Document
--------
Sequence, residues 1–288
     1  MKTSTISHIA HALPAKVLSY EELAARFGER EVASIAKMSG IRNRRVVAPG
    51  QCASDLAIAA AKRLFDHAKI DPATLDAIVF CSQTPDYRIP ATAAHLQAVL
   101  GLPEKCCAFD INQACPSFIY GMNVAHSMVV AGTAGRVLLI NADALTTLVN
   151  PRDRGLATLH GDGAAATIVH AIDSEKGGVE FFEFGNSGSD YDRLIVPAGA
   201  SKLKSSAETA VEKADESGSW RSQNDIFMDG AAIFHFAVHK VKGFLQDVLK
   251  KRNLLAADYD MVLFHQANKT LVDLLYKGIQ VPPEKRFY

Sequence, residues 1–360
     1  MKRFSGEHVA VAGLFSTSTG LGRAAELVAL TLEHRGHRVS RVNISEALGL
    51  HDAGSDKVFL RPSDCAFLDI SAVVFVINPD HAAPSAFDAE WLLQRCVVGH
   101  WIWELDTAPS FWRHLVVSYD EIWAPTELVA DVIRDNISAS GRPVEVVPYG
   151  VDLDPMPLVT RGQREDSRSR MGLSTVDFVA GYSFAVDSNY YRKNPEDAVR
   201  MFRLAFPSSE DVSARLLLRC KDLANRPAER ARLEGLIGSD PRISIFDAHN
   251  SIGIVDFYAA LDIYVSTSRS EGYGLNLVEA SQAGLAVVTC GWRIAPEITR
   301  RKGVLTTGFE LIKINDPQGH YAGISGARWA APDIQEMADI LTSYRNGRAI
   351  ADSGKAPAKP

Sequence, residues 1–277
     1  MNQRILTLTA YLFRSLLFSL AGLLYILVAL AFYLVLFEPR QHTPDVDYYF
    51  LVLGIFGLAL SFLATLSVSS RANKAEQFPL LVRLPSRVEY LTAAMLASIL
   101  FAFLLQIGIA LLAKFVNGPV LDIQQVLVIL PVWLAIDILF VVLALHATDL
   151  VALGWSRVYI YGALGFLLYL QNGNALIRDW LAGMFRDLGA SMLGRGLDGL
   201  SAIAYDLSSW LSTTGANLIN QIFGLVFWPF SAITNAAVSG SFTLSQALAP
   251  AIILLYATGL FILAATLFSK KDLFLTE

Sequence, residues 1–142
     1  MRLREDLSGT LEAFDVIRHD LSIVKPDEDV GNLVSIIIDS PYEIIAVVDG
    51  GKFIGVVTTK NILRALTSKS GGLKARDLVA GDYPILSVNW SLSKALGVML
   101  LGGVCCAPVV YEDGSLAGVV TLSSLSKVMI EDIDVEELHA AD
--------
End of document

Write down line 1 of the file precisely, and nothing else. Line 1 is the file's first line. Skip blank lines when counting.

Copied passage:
Sequence, residues 1–288